Early this month, several writers that I follow on social media were making vague references to "that one article about Twitter." Because I'm an unrepentant snoop with an unhealthy interest in drama that does not involve me, I went in search of the article—which just so happened to be this beauty by Nicole Brinkley.
The essay—aptly titled "Did Twitter break YA?"—is long and probably unimportant to those of you who a) are not writers, or b) do not care about social media. Unfortunately, I fit in both of those categories. I don't write YA, and probably never will, but much of Brinkley's argument rang true to me as an upcoming author (?) who struggles with social media.
To summarize, Brinkley blames parasocial relationships between author and reader for the changes in the genre. Marginalized authors are being forced off Twitter because of "bookish rage." As Brinkley states so eloquently, "The nature of the rage-loving algorithm of Twitter isn't going to change. ... Even if it has broken authors. Even if it has lost its intended audience. Even if, at the end of the day, the water cooler that the industry is forced to gather around no longer brings anybody joy. No longer quenches anyone's thirst."
I've been working on my social media for over a year. And I think I'm doing better. I have room to improve, but at the very least, I'm engaging with the people I follow; I'm taking pride in my Instagram feed. I've come a long way, and there are days where all the time and energy I've sunk into the internet actually pays off.
Still, I'm anxious. I never feel like I'm doing enough—I'm too inactive, or my posts aren't aesthetic enough, or no one liked my tweet, so what's the point? I know that social media is a shitty reflection of an author's worth, but that doesn't stop me from running the rat race, winded on the hamster wheel.
Every couple of months, I consider leaving Twitter. My gut check is an enthusiastic yes, complete with serotonin, dopamine, and no small amount of relief. I want to leave Twitter. I want to focus on Instagram or TikTok or, hell, even Tumblr. It seems like every other week another author pivots to Instagram, adding "updates" to their Twitter name.
But I'm scared of missing out. Of losing followers. Of disappointing an agent—for all I know, an active Twitter could be exactly what I need. (This isn't how querying actually works, but my brain refuses to accept that.) The therapist in me knows that I'm self-sabotaging by sticking with something that steals not only my joy but my energy and focus. And yet.
I decided against a career in counseling because I realized that, as much as I love psychology, I'm not cut out for that kind of career. My body wouldn't be able to keep up with the demands of therapy; my boundaries aren't firm enough to keep me from becoming an emotional sponge. A career in mental health counseling wasn't sustainable, and it killed me to walk away, but I know in my heart that it was the right decision.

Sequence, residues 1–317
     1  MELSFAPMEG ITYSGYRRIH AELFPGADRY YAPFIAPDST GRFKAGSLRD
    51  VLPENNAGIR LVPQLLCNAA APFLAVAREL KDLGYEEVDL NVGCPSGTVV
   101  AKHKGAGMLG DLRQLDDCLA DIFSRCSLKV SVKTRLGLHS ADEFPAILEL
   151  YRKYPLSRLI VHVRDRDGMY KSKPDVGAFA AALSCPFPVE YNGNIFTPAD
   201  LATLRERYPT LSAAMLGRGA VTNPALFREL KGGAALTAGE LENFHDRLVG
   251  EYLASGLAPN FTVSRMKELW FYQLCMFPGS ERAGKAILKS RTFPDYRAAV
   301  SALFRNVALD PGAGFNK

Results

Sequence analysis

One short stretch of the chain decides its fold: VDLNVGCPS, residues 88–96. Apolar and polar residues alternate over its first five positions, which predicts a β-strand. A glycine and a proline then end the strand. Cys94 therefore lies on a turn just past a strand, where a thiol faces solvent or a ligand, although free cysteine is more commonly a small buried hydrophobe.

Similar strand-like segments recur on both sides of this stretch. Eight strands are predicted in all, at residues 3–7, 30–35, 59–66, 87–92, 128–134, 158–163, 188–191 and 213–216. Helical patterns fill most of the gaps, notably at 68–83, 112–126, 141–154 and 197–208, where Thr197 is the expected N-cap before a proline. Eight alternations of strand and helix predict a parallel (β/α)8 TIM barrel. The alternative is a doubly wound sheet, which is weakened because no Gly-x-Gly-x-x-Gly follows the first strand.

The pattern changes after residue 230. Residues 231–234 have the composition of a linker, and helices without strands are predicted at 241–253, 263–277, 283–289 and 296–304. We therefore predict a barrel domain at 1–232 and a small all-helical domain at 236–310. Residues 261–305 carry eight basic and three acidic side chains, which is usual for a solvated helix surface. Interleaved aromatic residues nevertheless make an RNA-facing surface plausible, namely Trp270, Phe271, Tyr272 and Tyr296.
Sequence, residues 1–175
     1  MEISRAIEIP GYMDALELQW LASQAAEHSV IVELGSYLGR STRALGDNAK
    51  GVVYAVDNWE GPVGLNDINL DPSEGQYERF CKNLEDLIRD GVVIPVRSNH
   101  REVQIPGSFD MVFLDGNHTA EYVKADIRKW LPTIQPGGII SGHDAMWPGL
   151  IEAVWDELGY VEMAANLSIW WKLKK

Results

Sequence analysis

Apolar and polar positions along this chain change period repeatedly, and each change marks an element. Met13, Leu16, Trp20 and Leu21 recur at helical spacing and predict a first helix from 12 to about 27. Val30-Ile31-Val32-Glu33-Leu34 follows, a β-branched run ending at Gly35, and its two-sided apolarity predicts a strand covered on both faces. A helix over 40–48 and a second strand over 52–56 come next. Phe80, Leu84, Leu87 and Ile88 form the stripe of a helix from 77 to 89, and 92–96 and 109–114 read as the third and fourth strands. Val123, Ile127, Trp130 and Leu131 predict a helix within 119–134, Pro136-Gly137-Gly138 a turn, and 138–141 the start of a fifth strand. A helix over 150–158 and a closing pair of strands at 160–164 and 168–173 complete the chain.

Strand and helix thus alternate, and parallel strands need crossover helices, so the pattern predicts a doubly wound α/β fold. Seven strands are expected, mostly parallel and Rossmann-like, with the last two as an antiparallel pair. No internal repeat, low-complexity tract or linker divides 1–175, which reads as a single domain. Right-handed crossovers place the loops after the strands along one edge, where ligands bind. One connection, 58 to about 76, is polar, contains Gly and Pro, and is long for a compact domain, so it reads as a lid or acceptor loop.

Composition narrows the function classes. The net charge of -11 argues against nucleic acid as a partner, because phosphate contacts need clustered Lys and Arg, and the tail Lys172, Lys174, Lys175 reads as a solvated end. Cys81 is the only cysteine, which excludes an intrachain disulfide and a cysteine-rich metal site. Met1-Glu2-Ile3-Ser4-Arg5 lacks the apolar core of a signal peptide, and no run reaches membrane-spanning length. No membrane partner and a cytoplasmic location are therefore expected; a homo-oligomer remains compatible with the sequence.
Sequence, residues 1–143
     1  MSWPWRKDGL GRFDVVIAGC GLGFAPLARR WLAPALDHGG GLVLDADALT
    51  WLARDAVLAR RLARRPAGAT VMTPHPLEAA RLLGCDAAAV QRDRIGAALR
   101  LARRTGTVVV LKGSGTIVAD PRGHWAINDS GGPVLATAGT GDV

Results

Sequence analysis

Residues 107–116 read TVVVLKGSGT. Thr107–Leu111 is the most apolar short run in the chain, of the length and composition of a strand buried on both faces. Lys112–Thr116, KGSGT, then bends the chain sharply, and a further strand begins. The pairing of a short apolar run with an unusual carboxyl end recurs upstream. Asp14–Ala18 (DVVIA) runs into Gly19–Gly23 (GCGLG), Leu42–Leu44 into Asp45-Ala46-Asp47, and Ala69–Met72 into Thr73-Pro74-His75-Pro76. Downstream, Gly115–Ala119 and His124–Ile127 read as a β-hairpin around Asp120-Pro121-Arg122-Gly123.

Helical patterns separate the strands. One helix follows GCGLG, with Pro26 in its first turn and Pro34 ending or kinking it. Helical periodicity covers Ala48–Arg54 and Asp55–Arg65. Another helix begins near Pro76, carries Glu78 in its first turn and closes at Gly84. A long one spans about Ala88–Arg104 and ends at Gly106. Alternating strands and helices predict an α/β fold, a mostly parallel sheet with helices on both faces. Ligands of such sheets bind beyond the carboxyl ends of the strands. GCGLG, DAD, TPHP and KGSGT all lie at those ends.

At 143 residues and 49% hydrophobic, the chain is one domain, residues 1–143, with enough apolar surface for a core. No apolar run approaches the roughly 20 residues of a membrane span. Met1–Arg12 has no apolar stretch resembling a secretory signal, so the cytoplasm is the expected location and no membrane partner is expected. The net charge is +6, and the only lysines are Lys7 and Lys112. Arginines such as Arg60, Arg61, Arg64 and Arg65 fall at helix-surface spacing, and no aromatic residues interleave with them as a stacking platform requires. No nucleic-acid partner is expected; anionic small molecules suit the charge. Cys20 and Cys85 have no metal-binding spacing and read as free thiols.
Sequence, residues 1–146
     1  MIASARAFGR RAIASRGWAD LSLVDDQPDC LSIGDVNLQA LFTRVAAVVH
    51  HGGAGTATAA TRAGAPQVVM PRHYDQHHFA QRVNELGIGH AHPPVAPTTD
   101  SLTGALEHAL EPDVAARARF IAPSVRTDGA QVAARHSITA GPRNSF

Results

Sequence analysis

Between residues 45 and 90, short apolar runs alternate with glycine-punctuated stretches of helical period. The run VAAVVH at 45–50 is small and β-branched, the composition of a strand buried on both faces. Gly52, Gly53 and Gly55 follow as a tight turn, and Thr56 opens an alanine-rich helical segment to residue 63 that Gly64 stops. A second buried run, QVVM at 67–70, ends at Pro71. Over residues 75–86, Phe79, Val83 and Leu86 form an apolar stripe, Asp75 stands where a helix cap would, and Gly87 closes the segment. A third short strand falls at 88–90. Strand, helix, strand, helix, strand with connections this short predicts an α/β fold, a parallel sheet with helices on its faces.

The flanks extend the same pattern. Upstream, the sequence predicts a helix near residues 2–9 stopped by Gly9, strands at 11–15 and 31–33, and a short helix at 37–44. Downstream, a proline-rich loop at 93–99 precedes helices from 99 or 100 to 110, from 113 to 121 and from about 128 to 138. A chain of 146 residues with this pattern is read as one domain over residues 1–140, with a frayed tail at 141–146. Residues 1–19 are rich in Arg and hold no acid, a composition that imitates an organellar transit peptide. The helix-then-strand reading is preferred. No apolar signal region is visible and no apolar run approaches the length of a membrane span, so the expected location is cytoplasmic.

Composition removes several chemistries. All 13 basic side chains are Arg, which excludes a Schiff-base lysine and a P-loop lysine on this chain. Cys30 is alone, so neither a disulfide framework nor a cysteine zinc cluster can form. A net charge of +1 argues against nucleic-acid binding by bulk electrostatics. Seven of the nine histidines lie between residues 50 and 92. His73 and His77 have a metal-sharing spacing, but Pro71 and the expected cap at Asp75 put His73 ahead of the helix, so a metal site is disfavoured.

I'm making it sound like I'm leaving Twitter. I'm not. But I'm meditating on the concept of sustainability, because at the end of the day, stories are my life. Writing is what I do. There is no version of me that doesn't want to write books for a living. If I'm serious about this, and I am, I need to ensure that my creative life—including my presence on social media—is sustainable.
I'm still figuring out what that looks like. I'm indecisive as hell, so it may take me a while, but I know I'll get there eventually. I'm in this for the long haul.
💛 August is SMA Awareness Month in the U.S., and I'm going all out. I have an entire month of content scheduled, and will even be posting some Reels on Instagram. If you have questions about SMA, reply to this email or leave a comment below!
🐺 I'm still writing weekly columns for SMA News Today! You can keep up with "The Wolf Finally Frees Itself" here.
⏰ This article by Oliver Burkeman about time is short but powerful. I've been trying to lean into my rhythm of productivity, to embrace the cadence of it. My body has enough problems; I don't need to aggravate my laundry list of illnesses by chasing the unachievable.
The core trouble in our modern relationship with time, I think – made worse by most productivity advice – is that we've come to see it as something we need to try to master or conquer. First, we think of time as a separate "thing" (unlike, say, medieval peasants, who'd have had no such abstract notion). Then, we feel we've got to make the most of it, or squeeze the most work from it, or use it to get on top of things, or do enough with it to feel a sense of self-worth. And our economic system makes things worse, making many feel as though they need to achieve this mastery simply to stay afloat.
Sadly, though, no finite human being has ever won a fight against time. We just get the limited time we get, and the limited control over it that we get. And if you spend your life fighting the truth of this situation, all that happens is that you feel more rushed and overwhelmed and impatient – until one day time decisively wins the fight, as it was always destined to do. (In other words: you die.)
🎖️ I keep coming back to this list of competitive advantages by Sahil Bloom. Number three is especially applicable as I experiment with social media and virtual communities.
🎶 A playlist for summer. Songs #15 through #19 are on repeat.
As always, thanks for being here, and for letting me ramble (yet again) about social media. If I end up leaving Twitter, I'll probably create a Patreon with content similar to this newsletter, but more in-depth, and more skewed towards craft. If that interests you, I'd love to know what content you'd like to see! Feel free to reply to this email or leave a comment below.
Flower crowns, aesthetically-pleasing Instagram feeds, and sustainability schemes,